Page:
Baby Growth at 18 Weeks Pregnant
Congratulations mommy-to-be, you have entered week 18 of your pregnancy! You’re in month 5 and now only have 4 short months to go. At this point, your little one is approximately 5.59 inches and 6.0 ounces, about the size of a cucumber. Many changes are happening and you and baby are continuing to grow.
Myelin, a protective insulating layer, is starting to form around your baby’s nerves. This will continue to develop throughout the rest of the pregnancy and even up until their first birthday.
Other important developments are also taking place. Baby can hear now so feel free to talk to them anytime you like. Your baby’s cartilage is turning to bone, and they are starting to gain more fat. Brain development is continuing to occur and the most important brain growth will start at about this time.
A stronger umbilical cord is developing and your baby is starting to gain the ability of essential movements such as stretching, kicking, sucking, swallowing, and yawning. The digestive system has started working and the eyes are now facing forward. Fingerprints and toe prints have been formed, eyelids are opening, and eyebrows and eyelashes are visible.
Your 20 week ultrasound will be coming up soon and many of the baby's features will look more recognizable compared to your last ultrasound. Reproductive organs are continuing to develop and if you haven’t already found out your baby’s sex, it should be identifiable on the next ultrasound as well, if you want to know.
You and Your Body at 18 Weeks Pregnant
You’re likely feeling more and more pregnant as the days go by. Luckily, some of the first trimester symptoms have dissipated at this point and your energy levels are hopefully increasing. The coming weeks will lend to more direct connection with your little one. You will start to feel them move and possibly react to the outside world. It’s starting to really feel like you have a little human in there!
It’s time to start jamming out to your favorite songs because baby actually has the ability to hear now. Movement will begin to increase and you may start to feel some of those flutters known as quickening. These are the first felt movements before you experience full-on kicks. Since your little one can now begin to hear sounds, there is also the possibility of them reacting to noises in the outside world. This can make for a fun activity with you and your partner. Try placing headphones on the belly or just play your favorite music. You can also try reading and talking to your little one so they become familiar with your voice. Be sure to take note if you happen to feel some movement after hearing loud noises; that is likely your baby reacting.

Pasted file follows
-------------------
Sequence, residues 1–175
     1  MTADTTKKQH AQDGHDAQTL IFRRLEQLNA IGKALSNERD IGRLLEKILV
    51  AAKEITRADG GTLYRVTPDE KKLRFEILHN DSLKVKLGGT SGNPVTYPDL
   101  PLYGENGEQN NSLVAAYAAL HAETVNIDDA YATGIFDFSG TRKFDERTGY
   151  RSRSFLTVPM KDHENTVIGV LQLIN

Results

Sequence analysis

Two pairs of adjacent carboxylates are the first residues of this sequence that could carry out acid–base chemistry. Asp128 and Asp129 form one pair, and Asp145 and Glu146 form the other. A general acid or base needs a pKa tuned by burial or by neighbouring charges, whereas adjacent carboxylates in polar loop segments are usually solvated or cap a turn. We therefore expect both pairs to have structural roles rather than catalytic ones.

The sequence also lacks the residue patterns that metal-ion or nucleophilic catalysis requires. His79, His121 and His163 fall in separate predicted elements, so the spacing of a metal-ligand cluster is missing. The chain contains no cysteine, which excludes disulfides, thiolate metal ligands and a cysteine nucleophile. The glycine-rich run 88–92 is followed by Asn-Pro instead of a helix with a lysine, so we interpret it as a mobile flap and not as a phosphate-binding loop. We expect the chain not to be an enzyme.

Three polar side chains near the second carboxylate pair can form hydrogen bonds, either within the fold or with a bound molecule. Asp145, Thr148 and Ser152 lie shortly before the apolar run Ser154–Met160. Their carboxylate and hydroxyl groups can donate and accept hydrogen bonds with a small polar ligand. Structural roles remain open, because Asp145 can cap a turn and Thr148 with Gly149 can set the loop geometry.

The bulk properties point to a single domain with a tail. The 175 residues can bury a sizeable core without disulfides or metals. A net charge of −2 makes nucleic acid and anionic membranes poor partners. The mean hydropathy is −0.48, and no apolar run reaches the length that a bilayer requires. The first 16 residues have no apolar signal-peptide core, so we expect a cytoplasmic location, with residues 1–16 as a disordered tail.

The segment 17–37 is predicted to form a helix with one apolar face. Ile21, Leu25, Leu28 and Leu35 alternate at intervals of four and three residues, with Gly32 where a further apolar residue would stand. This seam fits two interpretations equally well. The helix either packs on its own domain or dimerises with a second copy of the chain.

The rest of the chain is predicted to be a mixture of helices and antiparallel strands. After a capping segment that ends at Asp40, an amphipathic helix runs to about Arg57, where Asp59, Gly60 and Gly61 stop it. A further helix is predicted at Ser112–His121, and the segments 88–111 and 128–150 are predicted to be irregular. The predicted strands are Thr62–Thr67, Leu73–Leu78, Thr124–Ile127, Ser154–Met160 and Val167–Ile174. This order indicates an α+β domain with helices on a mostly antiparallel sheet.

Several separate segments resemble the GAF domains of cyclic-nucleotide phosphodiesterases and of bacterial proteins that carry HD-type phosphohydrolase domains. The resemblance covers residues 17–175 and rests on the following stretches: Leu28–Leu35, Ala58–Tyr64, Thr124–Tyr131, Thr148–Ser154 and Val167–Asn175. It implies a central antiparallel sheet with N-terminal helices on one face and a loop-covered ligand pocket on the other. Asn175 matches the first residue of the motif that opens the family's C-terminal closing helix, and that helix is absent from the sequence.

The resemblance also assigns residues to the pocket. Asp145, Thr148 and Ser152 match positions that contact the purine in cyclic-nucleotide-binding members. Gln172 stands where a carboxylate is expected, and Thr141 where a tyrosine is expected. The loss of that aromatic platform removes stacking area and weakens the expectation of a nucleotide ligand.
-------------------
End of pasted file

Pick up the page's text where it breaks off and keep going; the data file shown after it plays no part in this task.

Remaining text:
Typical Symptoms at Pregnancy 18 Weeks
Symptoms may begin to change day by day. At this point in the pregnancy, although you may be feeling less physically ill than the first trimester, some new symptoms are likely arising. By now, morning sickness symptoms have diminished or completely stopped. This is due to a shift in hormone levels.
The cardiovascular system can be affected at this time, causing low blood pressure. It is common to feel dizziness due to this change so both standing and sitting slowly is important. Take note of any abnormal feelings and ask for help if needed.
Some additional symptoms around this time may include:
- Increased bodily fluids such as a milky white colored vaginal discharge known as leukorrhea
- Strange dreams
- Itchy breasts and stomach
- Stretch marks
- Increased appetite
- Swollen hands or feet
- Leg cramps
- Varicose veins
Many women note that difficulty sleeping begins around this time. This can be due to your baby’s increased movements, your growing figure and the increased frequency to urinate during the night.
Pregnancy Week 18 Tips and Advice
With all the changes happening and the second trimester flying by, it is essential to not get overwhelmed. Your mental health is just as important as your physical health so planning ahead now can help alleviate stress further down the line.
Be sure to take some time for yourself and dedicate parts of your day for self-care. Warm baths and meditation can help. Although strenuous exercising may not be recommended, practicing prenatal yoga can help with the muscle and ligament pain you may be experiencing. You can also try a heating pad.
Find a soothing moisturizer to help with the itchy skin and stretch marks. Restless legs? You can also try adding or increasing your magnesium intake, as long as it’s okay with your doctor. Magnesium rich foods include seeds, greens, nuts, beans and whole grains. If a supplement is preferred, be sure to discuss with your healthcare provider first before taking it and consider a more bioavailable form of magnesium, called magnesium glycinate, to avoid loose stools. Magnesium in addition to drinking extra fluids is helpful for cramping, relaxing muscles and calming those restless legs you may be feeling.
If you haven’t already done so, be sure to reach out to your human resources department and plan your maternity leave. If your partner receives leave as well, ensure that they are also beginning that process with their employer.
Your next doctor's visit will be coming up soon and you will want to be prepared. Start having discussions to decide if you and your partner will want to find out your baby’s gender. You will likely also be asked about genetic testing if it hasn't already been completed. A good tip is to reach out to your insurance company to have a clearer idea of what services will or will not be covered. Sometimes your doctor’s office is not able to answer all the insurance questions you may have, so going directly to the source will help to avoid any surprises.
It is also a great time to start thinking about your birth plan. You can research your options on your own so that you are prepared to discuss any questions you may have with your doctor at your next visit.